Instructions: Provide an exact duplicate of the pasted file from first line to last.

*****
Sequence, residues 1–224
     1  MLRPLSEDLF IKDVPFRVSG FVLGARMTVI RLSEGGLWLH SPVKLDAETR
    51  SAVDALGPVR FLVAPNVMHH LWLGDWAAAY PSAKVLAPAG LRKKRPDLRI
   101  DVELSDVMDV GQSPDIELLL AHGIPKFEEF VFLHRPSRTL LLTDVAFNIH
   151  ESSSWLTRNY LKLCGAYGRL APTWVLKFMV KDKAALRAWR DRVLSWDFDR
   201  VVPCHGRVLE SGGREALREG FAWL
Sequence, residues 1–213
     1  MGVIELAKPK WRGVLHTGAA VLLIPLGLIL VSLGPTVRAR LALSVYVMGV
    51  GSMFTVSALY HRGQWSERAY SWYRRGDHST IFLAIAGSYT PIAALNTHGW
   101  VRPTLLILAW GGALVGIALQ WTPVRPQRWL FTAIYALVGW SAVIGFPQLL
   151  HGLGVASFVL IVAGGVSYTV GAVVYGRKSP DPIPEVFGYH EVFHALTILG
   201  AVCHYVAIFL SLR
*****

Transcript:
Sequence, residues 1–224
     1  MLRPLSEDLF IKDVPFRVSG FVLGARMTVI RLSEGGLWLH SPVKLDAETR
    51  SAVDALGPVR FLVAPNVMHH LWLGDWAAAY PSAKVLAPAG LRKKRPDLRI
   101  DVELSDVMDV GQSPDIELLL AHGIPKFEEF VFLHRPSRTL LLTDVAFNIH
   151  ESSSWLTRNY LKLCGAYGRL APTWVLKFMV KDKAALRAWR DRVLSWDFDR
   201  VVPCHGRVLE SGGREALREG FAWL
Sequence, residues 1–213
     1  MGVIELAKPK WRGVLHTGAA VLLIPLGLIL VSLGPTVRAR LALSVYVMGV
    51  GSMFTVSALY HRGQWSERAY SWYRRGDHST IFLAIAGSYT PIAALNTHGW
   101  VRPTLLILAW GGALVGIALQ WTPVRPQRWL FTAIYALVGW SAVIGFPQLL
   151  HGLGVASFVL IVAGGVSYTV GAVVYGRKSP DPIPEVFGYH EVFHALTILG
   201  AVCHYVAIFL SLR